“Speechless. Ignored. Sad.”
“Hurt. Frustrated. Helpless.”
“Enraged. Confused. Disappointed.”
When asked to describe their feelings on the grand jury’s decision to not indict Ferguson officer Darren Wilson in three words, USC students spoke with a common voice.
With candles in hand, students circled the Maxcy monument at 10:30 p.m. Thursday night to say a prayer and hold a moment of silence honoring Michael Brown and other young men who have lost their lives under similar circumstances.
USC’s chapter of the NAACP called for a gathering after the national announcement. The number of students grew as minutes passed, eventually leading to a group of around 50.
“Father God, let us have peace,” said Jaquon Irby, third-year Political Science student and USC-NAACP president, during his statement starting off the ceremony.
After singing “Lean On Me,” attendees gave their three word reactions to the grand jury's ruling, followed by a chant of “creator God, help us” from the crowd.
“It makes it seem like his life doesn’t matter — or any of our lives, black or white,” said Brittany Martin, third-year Hospitality student. “At the end of the day, a young person died.”
Bobby Donaldson, associate professor of History and African American Studies at USC, spoke to the crowd, encouraging students to walk away aware but peaceful.
“Instead of bowing our heads, let us hold our heads high,” Donaldson said. “Today, we have every reason to be disappointed in our nation … At the same time, we have every reason to fight the good fight.”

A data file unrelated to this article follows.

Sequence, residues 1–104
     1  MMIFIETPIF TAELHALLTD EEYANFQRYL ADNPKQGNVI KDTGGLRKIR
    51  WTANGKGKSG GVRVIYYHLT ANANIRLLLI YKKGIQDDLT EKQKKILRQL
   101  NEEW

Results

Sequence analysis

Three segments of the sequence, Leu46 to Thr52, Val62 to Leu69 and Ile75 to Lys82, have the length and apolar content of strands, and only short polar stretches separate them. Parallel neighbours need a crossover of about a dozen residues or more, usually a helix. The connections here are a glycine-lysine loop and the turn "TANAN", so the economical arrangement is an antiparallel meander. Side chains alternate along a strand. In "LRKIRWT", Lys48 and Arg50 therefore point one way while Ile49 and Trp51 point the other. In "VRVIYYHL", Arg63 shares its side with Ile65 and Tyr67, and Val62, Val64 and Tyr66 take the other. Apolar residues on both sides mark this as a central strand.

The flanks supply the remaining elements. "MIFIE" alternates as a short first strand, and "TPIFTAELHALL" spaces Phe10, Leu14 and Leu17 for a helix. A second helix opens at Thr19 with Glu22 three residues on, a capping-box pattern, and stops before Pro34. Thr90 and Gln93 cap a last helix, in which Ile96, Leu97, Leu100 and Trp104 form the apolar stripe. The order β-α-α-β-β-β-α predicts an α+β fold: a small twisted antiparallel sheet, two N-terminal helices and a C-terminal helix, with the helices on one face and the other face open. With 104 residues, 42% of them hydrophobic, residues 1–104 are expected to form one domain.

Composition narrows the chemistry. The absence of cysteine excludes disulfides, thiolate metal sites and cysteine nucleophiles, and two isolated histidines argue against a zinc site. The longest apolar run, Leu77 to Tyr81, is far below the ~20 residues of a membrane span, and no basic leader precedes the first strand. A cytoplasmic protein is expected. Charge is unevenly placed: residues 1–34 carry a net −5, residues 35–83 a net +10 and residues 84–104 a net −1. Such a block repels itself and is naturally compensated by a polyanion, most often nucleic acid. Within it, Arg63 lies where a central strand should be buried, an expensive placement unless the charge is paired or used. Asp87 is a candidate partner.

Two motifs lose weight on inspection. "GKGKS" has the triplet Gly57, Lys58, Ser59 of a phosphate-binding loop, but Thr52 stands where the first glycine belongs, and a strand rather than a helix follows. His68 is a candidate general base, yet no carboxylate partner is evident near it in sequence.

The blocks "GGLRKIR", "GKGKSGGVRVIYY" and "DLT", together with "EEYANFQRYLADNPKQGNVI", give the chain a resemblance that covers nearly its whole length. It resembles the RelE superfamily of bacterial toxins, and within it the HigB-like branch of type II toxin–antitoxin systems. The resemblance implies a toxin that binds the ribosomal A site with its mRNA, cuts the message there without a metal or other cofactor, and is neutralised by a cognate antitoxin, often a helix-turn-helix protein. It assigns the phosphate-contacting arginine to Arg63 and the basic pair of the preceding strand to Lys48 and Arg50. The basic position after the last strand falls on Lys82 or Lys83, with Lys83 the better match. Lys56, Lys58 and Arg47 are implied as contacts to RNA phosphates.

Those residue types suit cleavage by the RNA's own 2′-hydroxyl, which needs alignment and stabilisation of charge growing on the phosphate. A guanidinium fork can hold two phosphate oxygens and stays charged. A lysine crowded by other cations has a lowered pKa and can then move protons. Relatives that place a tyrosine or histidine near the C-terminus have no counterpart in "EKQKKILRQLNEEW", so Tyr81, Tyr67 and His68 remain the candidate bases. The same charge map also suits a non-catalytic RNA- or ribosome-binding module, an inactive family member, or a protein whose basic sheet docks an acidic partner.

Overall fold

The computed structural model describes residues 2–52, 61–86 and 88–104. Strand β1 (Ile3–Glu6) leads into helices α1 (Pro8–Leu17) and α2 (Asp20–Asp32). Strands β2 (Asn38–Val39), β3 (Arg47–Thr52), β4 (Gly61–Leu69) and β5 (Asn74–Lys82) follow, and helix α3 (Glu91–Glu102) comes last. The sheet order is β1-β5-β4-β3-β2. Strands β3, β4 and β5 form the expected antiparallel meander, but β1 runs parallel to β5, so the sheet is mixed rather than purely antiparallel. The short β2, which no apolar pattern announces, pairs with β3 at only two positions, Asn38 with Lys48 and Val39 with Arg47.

With protests breaking out in Ferguson, New York and other cites across the country, USC's demonstration stands as part of a greater movement. Accordingly, the gathered students resolved to see the movement through.
“I’m deeply saddened by what our justice system has done, but I know that God is still watching over all of us,” Irby said. “This will awaken students of this generation so that we can join together and realize that the fight is not over.”
Standing hand-in-hand, students listened to the words of others and peacefully reflected on the events. As the event began to wrap up, the participants exchanged handshakes and hugs. The mood was supportive, but that doesn't mean every student left feeling something had been resolved.
“Sometimes when a life is lost, it is portrayed in a way in that the black life is not equal to the white life,” said Ashton Peterson, third-year biology student. “I don’t know how to get restitution on such an issue.”
Just like the diverse group of peers participating in the demonstration, Peterson viewed the indictment decision as part of a greater racial issue in America.
“I think when we have people who are willing to step outside of their comfort zone and witness something that they’re not used to, it really starts to show people that this affects [them] deeply,“ Peterson said.
Donaldson wrapped up the demonstration by leaving the students with a few words of wisdom.
"Leave this place tonight bitter, but determined," he said. "Keep your mind set on peace, but at the same time, keep your mind set on the enduring struggle that we face in this nation."